IF WE look at the development of international relations in the recent past, we see that diplomacy as an important conflict resolution tool did not become more relevant in the post-Cold War era. The number of conflicts increased, and their nature changed, widening the range of issues diplomacy had to take into account. By the end of the Cold War, the international political environment had experienced great changes. As one expert writes, “the era of negotiations that centered exclusively on issues of security or borders was gone.”
This is not to say that security issues completely faded into the background. As contemporary international relations demonstrate, our world has become less predictable, and security issues still shape international agendas. Rather, the issue of security has gained a more comprehensive and universal character.
Modern diplomats have to deal with a complex agenda and such multidimensional issues as, for example, economic development and environmental degradation.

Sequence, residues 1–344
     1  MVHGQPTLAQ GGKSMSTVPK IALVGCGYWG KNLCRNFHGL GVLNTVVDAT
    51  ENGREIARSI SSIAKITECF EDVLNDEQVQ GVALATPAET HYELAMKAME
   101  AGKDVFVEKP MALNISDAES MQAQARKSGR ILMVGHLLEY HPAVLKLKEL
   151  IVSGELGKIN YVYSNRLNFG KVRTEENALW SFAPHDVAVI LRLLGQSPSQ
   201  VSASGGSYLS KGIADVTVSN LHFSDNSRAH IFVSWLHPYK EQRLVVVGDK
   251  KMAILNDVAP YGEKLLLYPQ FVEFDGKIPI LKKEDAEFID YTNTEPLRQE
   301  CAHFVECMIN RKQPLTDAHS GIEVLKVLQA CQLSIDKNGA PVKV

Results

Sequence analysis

Although on the most recent issues there has been some progress, on issues relating to traditional security not much has changed.
A striking example are the negotiations in the framework of the UN Security Council, where Cold War-style bloc thinking can still be observed; the Syrian case is not unique in this in this regard.
In Libya, when the clashes between the Gaddafi government and insurgents threatened to escalate into a full-scale civil war, negotiations were held within the UN Security Council, as well as between the parties to the conflict, with the assistance of the representatives of the Organization of African States. Consensus was reached in the Security Council, establishing “a no-fly zone” that led to a military solution of the conflict. This gave rise to much talk about misinterpretation of Security Council resolutions, and to calls to return to negotiations by Russian diplomats. Previously, lack of diplomatic effort led to an armed conflict in Iraq.